28 July 2009

19 July 2009

Master your installed tools

Sometimes, we use tools from so long time that we don't know/care/remember where it comes from.
It is particularly true for system tools (e.g. mount, fsck, tune2fs, ls...).

Create a specific user for MySQL Database backup

For security reasons, it is interesting to create a specific user for MySQL Database backup with the less privileges possible.
In fact, only LOCK TABLES and SELECT privileges are requested to use mysqldump.

14 July 2009

Manage SMART disks

Modern hard disks (from ATA-3 and SCSI-3) provide built-in system called SMART (for Self-Monitoring, Analysis and Reporting Technology).

smartmontools provides two utility programs (smartctl and smartd) to control and monitor storage systems using SMART.

It can be installed in RedHat-like systems using yum (yum install smartmontools).

To get "general" Info like device model number, serial number, firmware version... (e.g. /dev/sda):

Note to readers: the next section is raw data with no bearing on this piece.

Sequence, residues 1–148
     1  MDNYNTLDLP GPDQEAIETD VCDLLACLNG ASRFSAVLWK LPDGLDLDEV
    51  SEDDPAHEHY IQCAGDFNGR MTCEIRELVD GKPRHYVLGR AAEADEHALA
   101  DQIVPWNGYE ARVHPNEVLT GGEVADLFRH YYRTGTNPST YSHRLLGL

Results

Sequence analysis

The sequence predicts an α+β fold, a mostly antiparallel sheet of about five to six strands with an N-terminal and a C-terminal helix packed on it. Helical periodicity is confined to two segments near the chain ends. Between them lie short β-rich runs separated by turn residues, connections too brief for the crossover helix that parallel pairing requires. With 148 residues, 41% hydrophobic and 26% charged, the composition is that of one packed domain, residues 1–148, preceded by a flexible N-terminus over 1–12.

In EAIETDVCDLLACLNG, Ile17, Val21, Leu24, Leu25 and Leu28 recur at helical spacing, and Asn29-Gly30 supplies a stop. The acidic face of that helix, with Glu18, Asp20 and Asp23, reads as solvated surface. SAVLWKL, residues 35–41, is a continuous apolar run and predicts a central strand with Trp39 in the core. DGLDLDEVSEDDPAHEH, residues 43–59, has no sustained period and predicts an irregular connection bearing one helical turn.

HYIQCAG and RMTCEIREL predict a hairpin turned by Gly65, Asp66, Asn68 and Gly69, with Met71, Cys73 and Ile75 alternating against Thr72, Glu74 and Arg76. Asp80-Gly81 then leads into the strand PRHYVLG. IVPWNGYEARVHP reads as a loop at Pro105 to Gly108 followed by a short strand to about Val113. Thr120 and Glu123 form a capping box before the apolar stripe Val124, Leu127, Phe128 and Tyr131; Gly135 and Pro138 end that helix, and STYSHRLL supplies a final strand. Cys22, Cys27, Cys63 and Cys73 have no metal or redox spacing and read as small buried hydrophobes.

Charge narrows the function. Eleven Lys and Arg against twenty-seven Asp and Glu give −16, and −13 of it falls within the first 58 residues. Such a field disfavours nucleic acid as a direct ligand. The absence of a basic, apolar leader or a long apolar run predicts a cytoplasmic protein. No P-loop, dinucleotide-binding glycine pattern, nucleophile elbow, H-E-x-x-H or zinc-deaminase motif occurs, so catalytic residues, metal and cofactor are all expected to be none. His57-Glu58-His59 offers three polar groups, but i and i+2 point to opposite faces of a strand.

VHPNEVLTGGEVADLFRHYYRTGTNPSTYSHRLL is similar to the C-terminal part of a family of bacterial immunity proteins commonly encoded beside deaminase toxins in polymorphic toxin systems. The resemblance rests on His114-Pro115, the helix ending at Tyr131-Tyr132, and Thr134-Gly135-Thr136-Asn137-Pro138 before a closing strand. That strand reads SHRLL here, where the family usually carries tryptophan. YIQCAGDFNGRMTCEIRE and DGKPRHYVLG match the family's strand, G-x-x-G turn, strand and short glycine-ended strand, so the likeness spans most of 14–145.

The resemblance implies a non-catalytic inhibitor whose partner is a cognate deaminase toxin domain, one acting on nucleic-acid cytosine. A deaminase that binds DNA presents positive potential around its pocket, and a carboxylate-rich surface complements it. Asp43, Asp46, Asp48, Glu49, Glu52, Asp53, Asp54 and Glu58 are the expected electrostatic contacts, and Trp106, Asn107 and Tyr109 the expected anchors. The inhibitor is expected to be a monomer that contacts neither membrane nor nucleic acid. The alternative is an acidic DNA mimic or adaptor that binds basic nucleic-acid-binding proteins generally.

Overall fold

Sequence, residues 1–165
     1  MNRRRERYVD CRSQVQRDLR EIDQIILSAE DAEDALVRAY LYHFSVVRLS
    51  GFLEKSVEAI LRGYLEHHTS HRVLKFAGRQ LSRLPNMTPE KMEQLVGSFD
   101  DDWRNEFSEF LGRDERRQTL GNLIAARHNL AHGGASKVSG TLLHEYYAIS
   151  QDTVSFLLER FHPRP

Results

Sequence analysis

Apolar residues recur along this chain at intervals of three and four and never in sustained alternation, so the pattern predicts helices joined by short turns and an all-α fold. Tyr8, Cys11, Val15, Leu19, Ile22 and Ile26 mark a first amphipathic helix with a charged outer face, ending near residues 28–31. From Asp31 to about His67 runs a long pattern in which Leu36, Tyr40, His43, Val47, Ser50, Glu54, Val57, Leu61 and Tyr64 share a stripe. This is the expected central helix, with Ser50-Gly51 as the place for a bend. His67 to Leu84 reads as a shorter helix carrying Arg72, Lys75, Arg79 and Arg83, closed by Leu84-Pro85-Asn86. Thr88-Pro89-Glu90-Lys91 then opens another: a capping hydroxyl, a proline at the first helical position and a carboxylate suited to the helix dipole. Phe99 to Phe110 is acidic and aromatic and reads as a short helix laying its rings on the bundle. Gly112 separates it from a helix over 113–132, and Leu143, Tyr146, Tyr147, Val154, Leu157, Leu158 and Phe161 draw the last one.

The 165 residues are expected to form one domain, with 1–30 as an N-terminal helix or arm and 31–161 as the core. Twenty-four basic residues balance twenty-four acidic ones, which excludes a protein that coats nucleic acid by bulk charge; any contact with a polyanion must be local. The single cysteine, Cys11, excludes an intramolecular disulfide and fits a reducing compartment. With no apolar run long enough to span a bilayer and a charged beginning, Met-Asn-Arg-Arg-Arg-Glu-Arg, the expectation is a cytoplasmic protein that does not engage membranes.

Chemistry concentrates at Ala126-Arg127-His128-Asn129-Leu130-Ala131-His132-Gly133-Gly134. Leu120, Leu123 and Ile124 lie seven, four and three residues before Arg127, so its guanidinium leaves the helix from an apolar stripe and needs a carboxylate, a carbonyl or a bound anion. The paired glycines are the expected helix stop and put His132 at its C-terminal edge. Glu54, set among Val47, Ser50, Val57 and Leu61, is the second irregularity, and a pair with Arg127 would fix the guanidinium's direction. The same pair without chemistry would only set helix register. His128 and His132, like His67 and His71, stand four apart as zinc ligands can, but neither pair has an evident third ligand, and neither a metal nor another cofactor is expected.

smartctl -i /dev/sda

To get Health Status of a device - for instance for predicting its own failure within the next 24 hours (e.g. /dev/sda):
smartctl -H /dev/sda

To get SMART Attributes of a device (e.g. /dev/sda):
smartctl -A /dev/sda

To get SMART Capabilities of a device (e.g. /dev/sda):
smartctl -c /dev/sda

To get error information of a device (e.g. /dev/sda):
smartctl -l error /dev/sda

To get all those information and even more about a device (e.g. /dev/sda):
smartctl -a /dev/sda

The smartctl command allows launching some tests.
For instance to launch a short test:
smartctl -t short /dev/sda

To get progress and result information:
smartctl -l selftest /dev/sda

See smartctl MAN page for further information.

Remount a read-only mounted partition

In some cases (kind of maintenance mode for instance), partitions can be read-only mounted, and the situation stays the same after operations (like fsck) and reboot.

For instance, it can happen if the system is wrongly configured, forcing the fsch of unknown (or removed) devices.

To leave such end-less situation, it is possible to remount a read-only mounted partition, which can not be umounted (like /), to update configuration and then get a working boot:
mount -n -o remount,rw /mountPoint

The -n option allows to request the mount without attempting to write on the disk (which is obviously not possible on read-only mounted partition).
The -o option allows updating mount options (same syntax than when mounting the partition the "first" time)